Statutory qui tam actions as a response to the Supreme Court’s ruling in Concepcion

Law professor Janet Alexander has written "To Skin a Cat: Qui Tam Actions as a State Legislative Response to Concepcion." Here is the abstract:

Supreme Court’s decision in Concepcion is widely regarded as heralding
the demise of small-claims class actions whenever contracts of adhesion
are involved in the transaction — which means for virtually all
consumer and employment claims. Amending the Federal Arbitration Act to
overturn Concepcion would be a relatively simple exercise in legislative
drafting. But in the current political climate such efforts are
unlikely to succeed. Thus far proposed federal legislation has failed to
pass, and federal agency regulation of class waivers has been lacking.
State legislatures might have the political ability to pass corrective
legislation, but virtually all state limitations on class waivers in
mandatory arbitration clauses are foreclosed by federal preemption under
Concepcion. This Article proposes an alternative approach that
could be taken at the state level: statutory qui tam actions to enforce
civil penalties for violations of state consumer protection and
employment laws. A qui tam action is a representative action brought on
behalf of the state, to enforce the state’s claim for civil penalties,
rather than a class action to recover compensation for individual
injuries. The penalties are owed to the state, with a share of the
recovery payable to the plaintiff as an incentive to private
enforcement. The action is for the public benefit, for the law
enforcement purpose of ensuring compliance with state law, rather than
for private benefit. Thus the rationale of Concepcion simply does not
apply to such actions. Indeed, allowing private parties to contract away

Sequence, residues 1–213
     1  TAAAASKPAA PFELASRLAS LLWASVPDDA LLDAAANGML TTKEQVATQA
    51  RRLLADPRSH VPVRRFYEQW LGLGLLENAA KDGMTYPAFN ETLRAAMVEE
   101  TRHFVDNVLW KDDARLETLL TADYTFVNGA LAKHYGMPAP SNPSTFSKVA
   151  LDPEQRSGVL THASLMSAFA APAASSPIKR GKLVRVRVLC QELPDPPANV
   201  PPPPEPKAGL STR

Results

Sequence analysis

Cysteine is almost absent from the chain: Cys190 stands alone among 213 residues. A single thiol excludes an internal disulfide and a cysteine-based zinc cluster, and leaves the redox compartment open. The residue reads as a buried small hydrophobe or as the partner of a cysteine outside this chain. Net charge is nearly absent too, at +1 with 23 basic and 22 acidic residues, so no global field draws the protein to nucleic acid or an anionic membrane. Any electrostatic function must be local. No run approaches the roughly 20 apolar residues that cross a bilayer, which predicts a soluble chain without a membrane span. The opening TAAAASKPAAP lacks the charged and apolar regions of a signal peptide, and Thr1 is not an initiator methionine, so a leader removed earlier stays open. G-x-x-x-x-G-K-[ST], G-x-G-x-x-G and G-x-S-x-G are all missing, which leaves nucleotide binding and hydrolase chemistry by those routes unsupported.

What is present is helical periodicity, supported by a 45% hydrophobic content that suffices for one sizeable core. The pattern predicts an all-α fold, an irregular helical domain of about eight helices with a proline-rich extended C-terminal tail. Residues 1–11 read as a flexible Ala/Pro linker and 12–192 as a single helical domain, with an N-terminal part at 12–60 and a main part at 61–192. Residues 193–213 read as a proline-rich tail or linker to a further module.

the state legislature’s chosen means of enforcing claims belonging to
the state would seriously impair the state’s ability to execute core
governmental functions. It would be an intrusion into state sovereignty
that should give pause to neo-federalists such as the majority in
Concepcion. California’s Private Attorneys General Act (PAGA),
which provides a mechanism for private enforcement of civil penalties
for violation of the state labor code, is an example of how a state
might use the qui tam model to hold defendants accountable for mass
harms without being vulnerable to FAA preemption under Concepcion. After
describing the operation of PAGA and how courts have interpreted it, I
propose some simple adjustments that would increase the likelihood that
courts would find Concepcion inapplicable to a PAGA-style qui tam
statute. Qui tam actions are not a perfect substitute for class actions,
because they can provide only limited compensation to victims. But they
may be able to provide greater deterrence than state enforcement
agencies are capable of.

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